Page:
Chance and Hunt

In 1835 Chance Brothers, the glassmakers, bought land nearby in Oldbury, and erected a factory to produce saltcake – using a method of furnacing salt with ‘copperas’ or iron sulphate obtained by atmospheric oxidation of iron pyrites. The process was soon replaced by the use of sulphuric acid made from brimstone, used with salt to produce the required salt cake. Of the sulfates used in glass production, sodium sulfate, or salt cake, is the most common.  It acts as a wetting agent to aid in melting the silica source and also as a fining agent.

Map of Oldbury, 1857, showing the alkali works of Chance and Hunt.

The nine acres of land cost £2,050 and lay between Park House Lane and the ‘Houghton’ arm of the Birmingham Canal. At that time the Alkali and Phosphorus works soon became the largest in the Midlands. They employed men, who together with their families, numbered nearly 3,000. They occupied over 500 dwellings and had direct dealings with all the other tradesmen of Oldbury, so it was a considerable business. In 1890 the firm was converted into a private Limited Liability Company under the name of the Oldbury Alkali Co. Ltd. They became known as Chance and Hunt, when the amalgamated with a similar firm, W. Hunt of Wednesbury.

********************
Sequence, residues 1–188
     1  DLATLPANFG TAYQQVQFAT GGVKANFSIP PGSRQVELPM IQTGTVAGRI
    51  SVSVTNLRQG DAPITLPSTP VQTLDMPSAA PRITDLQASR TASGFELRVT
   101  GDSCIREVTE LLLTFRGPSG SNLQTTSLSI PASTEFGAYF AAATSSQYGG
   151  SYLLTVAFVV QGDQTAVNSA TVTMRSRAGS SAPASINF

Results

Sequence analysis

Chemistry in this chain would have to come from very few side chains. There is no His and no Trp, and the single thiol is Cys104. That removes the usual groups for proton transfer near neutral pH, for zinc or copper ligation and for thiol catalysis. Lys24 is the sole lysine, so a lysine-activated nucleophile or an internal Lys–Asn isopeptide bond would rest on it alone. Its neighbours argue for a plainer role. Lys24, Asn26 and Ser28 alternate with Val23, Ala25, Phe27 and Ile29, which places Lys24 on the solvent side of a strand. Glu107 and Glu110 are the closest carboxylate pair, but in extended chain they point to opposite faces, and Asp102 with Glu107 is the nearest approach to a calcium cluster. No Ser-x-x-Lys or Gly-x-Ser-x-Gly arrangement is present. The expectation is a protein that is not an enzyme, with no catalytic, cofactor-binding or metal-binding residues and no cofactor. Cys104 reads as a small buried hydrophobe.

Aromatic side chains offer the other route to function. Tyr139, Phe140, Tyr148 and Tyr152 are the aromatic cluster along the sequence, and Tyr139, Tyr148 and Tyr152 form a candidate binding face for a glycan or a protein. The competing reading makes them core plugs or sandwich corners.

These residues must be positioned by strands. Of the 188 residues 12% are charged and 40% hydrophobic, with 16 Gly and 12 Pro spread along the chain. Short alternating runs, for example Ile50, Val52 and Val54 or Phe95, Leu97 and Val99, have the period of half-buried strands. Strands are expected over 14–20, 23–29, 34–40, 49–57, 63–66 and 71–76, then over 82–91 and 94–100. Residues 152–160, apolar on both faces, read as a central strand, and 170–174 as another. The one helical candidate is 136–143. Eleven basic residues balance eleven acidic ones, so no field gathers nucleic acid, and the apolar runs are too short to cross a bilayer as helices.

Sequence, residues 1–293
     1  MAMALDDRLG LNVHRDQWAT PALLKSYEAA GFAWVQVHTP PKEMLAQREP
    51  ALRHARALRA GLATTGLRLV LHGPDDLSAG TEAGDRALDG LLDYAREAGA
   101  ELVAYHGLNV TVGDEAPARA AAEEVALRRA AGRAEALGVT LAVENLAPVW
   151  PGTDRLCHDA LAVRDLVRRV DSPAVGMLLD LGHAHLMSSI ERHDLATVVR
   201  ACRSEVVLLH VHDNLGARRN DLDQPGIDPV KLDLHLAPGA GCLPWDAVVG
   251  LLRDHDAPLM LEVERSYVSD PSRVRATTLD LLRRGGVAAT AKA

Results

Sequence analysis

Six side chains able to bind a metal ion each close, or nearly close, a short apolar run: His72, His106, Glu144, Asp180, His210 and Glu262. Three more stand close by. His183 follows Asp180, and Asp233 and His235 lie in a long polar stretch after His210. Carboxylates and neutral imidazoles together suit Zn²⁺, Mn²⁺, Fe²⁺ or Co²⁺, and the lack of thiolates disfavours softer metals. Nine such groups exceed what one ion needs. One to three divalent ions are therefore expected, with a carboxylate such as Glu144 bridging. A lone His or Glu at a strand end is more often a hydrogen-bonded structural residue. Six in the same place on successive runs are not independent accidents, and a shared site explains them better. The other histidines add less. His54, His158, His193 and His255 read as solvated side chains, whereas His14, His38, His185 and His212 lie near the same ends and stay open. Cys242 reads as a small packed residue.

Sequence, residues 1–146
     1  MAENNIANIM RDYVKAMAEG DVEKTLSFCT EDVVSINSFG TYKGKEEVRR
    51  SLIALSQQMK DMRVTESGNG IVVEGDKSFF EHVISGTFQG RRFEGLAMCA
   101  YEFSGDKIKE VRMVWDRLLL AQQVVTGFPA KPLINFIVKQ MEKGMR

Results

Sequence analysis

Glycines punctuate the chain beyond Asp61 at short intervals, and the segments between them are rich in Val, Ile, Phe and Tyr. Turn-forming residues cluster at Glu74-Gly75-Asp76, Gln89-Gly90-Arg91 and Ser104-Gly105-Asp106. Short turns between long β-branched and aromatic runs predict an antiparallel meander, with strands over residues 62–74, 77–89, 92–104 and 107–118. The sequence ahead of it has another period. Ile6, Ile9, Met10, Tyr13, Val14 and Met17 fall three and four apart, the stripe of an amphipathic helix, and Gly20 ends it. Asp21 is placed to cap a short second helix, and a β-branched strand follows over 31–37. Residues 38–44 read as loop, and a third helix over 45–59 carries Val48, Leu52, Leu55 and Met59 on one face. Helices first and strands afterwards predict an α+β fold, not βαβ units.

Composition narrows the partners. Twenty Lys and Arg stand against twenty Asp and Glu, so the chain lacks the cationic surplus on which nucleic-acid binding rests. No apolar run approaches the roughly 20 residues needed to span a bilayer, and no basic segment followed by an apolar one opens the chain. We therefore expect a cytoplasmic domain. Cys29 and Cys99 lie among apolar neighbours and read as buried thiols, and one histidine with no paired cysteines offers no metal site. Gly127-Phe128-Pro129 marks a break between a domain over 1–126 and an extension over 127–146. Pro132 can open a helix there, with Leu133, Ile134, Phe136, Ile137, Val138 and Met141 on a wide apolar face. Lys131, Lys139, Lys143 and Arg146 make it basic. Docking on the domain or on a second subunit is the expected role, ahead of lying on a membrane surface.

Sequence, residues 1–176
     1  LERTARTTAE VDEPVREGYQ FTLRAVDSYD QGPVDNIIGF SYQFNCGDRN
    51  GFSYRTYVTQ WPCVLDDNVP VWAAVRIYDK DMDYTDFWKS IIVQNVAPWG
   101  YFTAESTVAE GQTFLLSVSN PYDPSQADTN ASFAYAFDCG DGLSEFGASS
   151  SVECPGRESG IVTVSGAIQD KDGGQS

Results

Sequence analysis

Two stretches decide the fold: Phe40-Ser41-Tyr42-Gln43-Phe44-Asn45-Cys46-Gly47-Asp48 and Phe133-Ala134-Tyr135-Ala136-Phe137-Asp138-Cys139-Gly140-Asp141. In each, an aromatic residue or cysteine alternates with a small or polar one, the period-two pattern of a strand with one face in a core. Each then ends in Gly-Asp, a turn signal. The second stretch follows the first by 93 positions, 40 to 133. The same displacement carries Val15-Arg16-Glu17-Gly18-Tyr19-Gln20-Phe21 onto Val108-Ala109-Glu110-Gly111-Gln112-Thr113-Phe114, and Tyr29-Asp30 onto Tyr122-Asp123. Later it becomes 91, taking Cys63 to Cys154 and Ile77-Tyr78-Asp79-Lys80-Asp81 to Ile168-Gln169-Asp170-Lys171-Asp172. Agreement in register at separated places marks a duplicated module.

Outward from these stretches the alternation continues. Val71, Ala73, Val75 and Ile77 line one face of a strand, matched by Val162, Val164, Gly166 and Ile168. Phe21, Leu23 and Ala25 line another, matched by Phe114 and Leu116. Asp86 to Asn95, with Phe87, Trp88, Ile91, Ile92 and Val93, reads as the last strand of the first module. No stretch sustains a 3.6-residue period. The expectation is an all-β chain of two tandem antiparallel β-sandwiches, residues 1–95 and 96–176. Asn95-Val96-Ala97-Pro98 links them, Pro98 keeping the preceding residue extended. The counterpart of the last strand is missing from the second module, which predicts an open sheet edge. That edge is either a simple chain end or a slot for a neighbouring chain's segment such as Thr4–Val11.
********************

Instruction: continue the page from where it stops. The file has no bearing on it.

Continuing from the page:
As well as saltcake, they produced acids, caustic soda, soda ash, ammonia compounds, and later Oldbury added copper, zinc and cadmium compounds and cement to its list. With the First World War the firm was involved in the manufacture of TNT and ammonium nitrate.  Their TNT plant was built with some urgency, one million bricks laid in 19 days and TNT dispatched after just 14 weeks. By the end of 1915 they were producing 170 tons a week and by 1918 this had increased to 500 tons a week.

In 1915, in  ‘Oldbury Round and About’, F.W. Hackwood wrote that:

‘Corroding gases emitted from chemical works in the heart of the town so completed the blight that even the grass and the hardiest of plants failed not to succumb. Not by incessant labour could Oldbury housewives keep fire irons or other utensils of bright steel in any desirable condition of cleanliness; metal tarnished in a single night and in the process of time faded away as they had been petals of a fading flower.’

In the 1920s, the Oldbury Works became part of ICI for subsequent decades. In 1964 chemical manufacture came to an end when most of the site was requisitioned for the building of the M5 motorway. The rest of the site became the Oldbury Depot, acting as a packing, formulation and distribution centre for a time.

The old wharf which serviced the Chance and Hunt alkali works, 2017, spanned by the M5.

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